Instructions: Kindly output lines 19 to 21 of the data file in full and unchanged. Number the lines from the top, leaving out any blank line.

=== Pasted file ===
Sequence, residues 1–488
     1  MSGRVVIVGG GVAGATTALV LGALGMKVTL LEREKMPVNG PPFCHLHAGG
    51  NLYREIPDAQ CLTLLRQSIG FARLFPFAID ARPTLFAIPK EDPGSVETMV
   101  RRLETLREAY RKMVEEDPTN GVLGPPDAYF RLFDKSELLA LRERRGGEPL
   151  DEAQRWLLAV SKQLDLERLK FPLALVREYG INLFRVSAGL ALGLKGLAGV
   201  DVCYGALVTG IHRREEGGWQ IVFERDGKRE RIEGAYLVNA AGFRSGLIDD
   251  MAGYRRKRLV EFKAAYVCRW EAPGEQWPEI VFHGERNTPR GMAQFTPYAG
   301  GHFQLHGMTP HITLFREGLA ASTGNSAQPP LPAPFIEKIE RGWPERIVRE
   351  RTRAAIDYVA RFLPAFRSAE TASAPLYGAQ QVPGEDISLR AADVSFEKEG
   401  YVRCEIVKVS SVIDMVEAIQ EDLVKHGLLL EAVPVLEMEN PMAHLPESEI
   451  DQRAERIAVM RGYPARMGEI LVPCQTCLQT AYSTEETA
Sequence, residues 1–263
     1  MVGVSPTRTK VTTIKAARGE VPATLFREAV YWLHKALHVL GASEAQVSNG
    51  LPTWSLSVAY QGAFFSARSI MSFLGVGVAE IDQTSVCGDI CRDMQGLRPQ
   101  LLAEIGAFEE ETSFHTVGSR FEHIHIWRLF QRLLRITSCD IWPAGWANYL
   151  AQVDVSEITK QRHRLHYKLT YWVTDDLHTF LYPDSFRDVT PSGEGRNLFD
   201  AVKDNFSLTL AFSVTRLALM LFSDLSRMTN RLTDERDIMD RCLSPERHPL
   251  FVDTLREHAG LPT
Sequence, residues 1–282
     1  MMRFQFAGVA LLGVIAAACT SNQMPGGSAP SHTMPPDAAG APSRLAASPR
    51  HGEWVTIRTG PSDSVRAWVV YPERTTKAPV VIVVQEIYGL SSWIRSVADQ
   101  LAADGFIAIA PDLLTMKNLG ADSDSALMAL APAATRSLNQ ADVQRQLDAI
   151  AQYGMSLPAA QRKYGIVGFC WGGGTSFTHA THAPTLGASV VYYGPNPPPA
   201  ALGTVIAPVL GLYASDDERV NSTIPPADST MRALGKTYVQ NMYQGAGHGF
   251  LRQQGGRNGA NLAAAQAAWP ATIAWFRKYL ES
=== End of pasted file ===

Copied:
Sequence, residues 1–282
     1  MMRFQFAGVA LLGVIAAACT SNQMPGGSAP SHTMPPDAAG APSRLAASPR
    51  HGEWVTIRTG PSDSVRAWVV YPERTTKAPV VIVVQEIYGL SSWIRSVADQ